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Thursday, November 23, 2006

Chiang Mai: Open-air Maintenance

Even back in the States, where it is considerably more expensive, I get a manicure and a pedicure every other month or so. To me they are still treats, not the necessary part of grooming that they are for many. Yet even I notice that after a while my feet start to look exceptionally ugly, and I get the needed maintenance. Jellybean says I have some sort of condition that makes callouses and cuticles grow like mad. That's as good an excuse as any for spending money. I have a 'condition'.

I love manicures and pedicures. They feel good. There is something about having someone fuss over you, massage your feet a little, that makes me feel pampered. I am always delighted when I get to a place where I can afford them more often. One place was Miraflores, a suburb of Lima, Peru. I stayed there for six weeks, and had a manicure every week. Even I can afford a two dollar treat once a week.

It is a little more expensive and certainly less plush at Mai's. No big comfortable chairs designed especially for giving pedicures, no manicure table. There I sit on a wooden bench, and prop my foot on a pillow in Mai's lap. I have another pillow in my lap, with a dishpan balanced on top. My hands are in the dishpan, soaking. My choice of polish is limited to ten shades or so, but I found a couple I like, so that's OK.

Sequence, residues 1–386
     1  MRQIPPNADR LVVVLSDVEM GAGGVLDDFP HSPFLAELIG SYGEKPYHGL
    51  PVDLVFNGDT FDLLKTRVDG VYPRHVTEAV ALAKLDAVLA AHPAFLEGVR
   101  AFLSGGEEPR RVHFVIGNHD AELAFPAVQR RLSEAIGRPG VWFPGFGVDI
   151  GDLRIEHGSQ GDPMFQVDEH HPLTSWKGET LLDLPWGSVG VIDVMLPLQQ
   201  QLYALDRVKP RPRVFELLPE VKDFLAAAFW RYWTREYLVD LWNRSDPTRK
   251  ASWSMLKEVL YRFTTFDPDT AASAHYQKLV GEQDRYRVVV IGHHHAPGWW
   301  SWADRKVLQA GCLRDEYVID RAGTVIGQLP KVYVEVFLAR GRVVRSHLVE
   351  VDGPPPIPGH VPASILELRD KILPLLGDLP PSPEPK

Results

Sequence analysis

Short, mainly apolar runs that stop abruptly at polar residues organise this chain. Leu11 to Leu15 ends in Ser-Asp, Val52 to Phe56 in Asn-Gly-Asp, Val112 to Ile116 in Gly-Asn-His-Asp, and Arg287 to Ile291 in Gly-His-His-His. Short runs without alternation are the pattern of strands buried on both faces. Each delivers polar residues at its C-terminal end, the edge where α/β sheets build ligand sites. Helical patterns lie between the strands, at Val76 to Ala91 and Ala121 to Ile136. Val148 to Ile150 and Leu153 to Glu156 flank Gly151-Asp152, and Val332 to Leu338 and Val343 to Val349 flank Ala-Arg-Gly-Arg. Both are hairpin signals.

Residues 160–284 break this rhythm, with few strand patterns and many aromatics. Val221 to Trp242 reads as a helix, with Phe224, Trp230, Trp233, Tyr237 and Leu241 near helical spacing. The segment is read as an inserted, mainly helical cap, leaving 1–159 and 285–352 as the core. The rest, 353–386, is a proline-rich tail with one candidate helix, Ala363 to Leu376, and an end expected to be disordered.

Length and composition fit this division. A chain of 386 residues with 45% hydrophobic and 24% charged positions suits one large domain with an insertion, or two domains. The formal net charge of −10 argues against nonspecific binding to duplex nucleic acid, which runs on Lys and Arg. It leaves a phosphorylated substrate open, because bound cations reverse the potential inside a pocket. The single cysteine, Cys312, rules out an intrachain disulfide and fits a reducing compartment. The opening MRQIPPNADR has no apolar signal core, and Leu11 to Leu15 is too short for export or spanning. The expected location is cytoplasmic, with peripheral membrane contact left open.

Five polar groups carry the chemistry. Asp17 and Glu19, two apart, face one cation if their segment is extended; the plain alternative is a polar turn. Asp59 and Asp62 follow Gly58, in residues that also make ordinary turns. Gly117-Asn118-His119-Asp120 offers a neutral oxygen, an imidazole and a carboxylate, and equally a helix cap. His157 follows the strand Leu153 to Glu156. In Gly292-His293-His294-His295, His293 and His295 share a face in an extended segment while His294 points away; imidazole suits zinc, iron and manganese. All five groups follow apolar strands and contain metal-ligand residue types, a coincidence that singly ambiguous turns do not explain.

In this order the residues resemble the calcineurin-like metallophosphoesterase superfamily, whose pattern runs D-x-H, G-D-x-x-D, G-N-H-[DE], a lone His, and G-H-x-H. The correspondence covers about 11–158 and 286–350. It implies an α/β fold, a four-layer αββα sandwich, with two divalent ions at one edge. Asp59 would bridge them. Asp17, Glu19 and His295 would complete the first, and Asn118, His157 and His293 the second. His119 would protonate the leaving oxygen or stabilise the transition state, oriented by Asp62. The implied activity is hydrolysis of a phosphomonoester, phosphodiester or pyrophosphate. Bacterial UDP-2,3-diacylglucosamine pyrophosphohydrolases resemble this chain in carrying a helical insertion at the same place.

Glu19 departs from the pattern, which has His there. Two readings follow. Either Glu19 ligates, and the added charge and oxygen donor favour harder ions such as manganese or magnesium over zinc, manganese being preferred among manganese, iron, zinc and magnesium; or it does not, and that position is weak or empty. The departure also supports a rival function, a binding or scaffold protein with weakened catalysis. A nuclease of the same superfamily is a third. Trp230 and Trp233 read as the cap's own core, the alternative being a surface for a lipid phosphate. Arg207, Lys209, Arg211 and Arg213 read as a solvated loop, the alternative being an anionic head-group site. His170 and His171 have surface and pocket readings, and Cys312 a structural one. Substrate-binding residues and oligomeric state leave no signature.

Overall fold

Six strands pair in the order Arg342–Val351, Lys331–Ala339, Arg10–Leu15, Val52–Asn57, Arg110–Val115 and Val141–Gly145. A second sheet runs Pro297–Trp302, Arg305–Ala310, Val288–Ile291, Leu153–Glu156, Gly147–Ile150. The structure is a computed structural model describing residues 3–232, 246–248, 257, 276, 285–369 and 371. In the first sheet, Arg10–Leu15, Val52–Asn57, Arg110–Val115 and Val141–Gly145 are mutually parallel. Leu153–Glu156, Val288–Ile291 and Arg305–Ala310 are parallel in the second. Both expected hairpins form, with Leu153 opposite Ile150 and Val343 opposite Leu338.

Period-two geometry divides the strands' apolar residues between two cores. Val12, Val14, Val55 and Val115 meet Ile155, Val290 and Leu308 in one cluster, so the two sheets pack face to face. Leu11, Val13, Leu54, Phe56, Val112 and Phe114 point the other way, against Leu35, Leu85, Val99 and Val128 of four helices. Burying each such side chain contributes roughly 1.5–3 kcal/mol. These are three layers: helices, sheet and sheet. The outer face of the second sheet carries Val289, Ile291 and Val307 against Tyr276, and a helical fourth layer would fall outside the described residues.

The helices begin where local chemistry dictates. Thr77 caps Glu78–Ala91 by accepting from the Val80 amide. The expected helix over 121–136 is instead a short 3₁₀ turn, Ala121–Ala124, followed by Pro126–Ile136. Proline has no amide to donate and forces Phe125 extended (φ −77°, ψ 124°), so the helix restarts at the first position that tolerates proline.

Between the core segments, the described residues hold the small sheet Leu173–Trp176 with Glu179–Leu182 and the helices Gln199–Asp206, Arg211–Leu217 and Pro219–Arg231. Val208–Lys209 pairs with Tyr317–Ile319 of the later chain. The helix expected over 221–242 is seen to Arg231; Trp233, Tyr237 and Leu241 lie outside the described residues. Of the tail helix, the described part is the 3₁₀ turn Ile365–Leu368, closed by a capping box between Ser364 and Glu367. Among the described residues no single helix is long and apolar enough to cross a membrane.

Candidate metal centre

The salon isn't air-conditioned. That would be difficult, as there are only three walls. The open side looks out on a garden, and there's a fountain bubbling away.

The whole process takes three hours, and during this time I learn a lot about Mai. For someone who speaks minimal English, and has only been studying for two months, she manages to tell me a lot about herself. We agree that we did well in choosing young-looking mothers, because we look (in my case, used to) look younger than we are. We also agree that our hands always give us away.

I teach her to say 'skin' as a one-syllable word, not "suh-kin". She teaches me 'jam', which is Thai for 'Great!'. If you really like something, it is jam.

I'm sure there are more elegant places around. But I like this little hole in the wall, with its missing side and its fountain, and the woman who taught me jam.

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